The City Selection Committee meets tomorrow evening to vote on appointments to a number of regional governmental bodies, including the Orange County Transportation Authority Board of Directors.
Quick tutorial: there are three OCTA directors from each supervisor district: the county supervisor; the one-city/one-vote seat; and the population-weighted seat. In the Fourth Supervisor District, the population-weighted seat is held by Anaheim Mayor Pro Tem Gail Eastman, who was elected to the seat a year ago to fill the remaining year of the term when Lorri Galloway was termed off the council.
Here’s how the City Selection Committee voting for the city-representation OCTA Board seats in each supe district: for the one-city/one-vote seat, each city in the supervisorial district has a single vote, cast by mayor or the mayor’s designated proxy. In the population-weighted seat, each city has a weighted vote equivalent to its percentage of the supe district’s population. Anaheim has a little more than 48% of the Fourth District’s population, and has 48% of the vote for the population-weighted seat. In practical terms, it means that Anaheim’s mayor, in tandem with the mayor of one other Fourth District city, determines who has that seat ion the OCTA Board.
The OCTA Board is deliberately structured that way in order to ensure the large cities, which tend to be bigger users of both transit and transportation, have a strong voice in setting OCTA policy – while balanced by small city representation in the one-city/one-vote seat. It’s analogous to how the House of Representatives and the Senate were set up the balance the interests of small and large states.
Since the current OCTA Board structure was instituted, a member of the Anaheim City Council has had the population weighted seat. Gail Eastman has it now, and Lorri Galloway, Tom Tait and Curt Pringle preceded her.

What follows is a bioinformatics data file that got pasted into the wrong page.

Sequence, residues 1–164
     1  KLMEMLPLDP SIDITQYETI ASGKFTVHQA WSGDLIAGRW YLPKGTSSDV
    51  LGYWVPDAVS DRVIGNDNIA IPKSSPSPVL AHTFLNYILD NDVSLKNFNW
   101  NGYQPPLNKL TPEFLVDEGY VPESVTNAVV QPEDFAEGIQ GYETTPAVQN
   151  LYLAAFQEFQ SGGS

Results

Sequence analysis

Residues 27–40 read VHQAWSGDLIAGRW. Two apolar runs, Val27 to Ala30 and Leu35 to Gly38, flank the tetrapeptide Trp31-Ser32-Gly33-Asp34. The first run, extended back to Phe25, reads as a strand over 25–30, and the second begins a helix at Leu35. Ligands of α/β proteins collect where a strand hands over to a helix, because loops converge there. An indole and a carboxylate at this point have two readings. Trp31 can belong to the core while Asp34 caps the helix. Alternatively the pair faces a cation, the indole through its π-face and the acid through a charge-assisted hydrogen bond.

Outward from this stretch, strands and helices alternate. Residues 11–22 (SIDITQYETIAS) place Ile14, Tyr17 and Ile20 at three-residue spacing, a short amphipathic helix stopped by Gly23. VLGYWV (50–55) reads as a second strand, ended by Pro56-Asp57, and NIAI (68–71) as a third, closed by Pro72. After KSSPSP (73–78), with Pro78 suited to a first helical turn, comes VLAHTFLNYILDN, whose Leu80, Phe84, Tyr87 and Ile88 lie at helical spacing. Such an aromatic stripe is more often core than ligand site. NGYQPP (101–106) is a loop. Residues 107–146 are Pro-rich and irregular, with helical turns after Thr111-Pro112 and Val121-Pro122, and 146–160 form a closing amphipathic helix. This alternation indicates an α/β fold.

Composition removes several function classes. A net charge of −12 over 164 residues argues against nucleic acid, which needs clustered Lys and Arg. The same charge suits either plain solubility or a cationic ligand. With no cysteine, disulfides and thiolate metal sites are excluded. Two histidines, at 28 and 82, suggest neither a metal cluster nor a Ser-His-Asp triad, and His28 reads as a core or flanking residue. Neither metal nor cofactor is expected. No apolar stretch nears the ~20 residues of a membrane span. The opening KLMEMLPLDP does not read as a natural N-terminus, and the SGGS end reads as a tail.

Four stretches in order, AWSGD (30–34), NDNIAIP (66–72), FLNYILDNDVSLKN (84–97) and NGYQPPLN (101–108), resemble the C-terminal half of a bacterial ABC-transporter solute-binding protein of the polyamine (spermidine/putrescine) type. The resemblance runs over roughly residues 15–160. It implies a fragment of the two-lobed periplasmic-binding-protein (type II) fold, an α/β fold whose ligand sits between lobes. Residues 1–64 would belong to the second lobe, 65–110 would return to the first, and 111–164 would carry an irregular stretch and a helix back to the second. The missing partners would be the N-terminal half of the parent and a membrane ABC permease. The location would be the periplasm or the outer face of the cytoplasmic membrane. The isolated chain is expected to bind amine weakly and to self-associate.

Gail Eastman has served well and honorably for the last year, and ought to be re-appointed to a full two-year term. Being an OCTA Director isn’t like sitting on the Vector Control District board. It takes time for directors to get their feet wet and come fully up to speed with what OCTA does, in order to become fully-effective directors. Three different individuals have held this seat in three years (Tait, then Galloway, then Eastman), so stability and continuity is in order.
Of equal consideration is the importance of preserving Anaheim’s direct presence and voice on the OCTA. Anaheim is Orange County’s largest city, both size and population, and it more “multi-modal” in terms of transportation than any other city in OC. It would be self-destructive for Anaheim to surrender its seat on the OCTA Board.
Anaheim isn’t the first and will not be the last city council to be troubled by political and personal conflicts, and there is a time and place for those conflicts to play themselves out. No one can reasonably dispute it is in Anaheim’s interest for the population-weighted seat to be represented by an Anaheim councilmember – which the city has now in Gail Eastman – which makes this one of those matters which reasonably remains outside the gravitational pull of council politics.
That was the was reasonable, common sense mindset that prevailed last year, and will presumably do so again tomorrow night at City Selection Committee.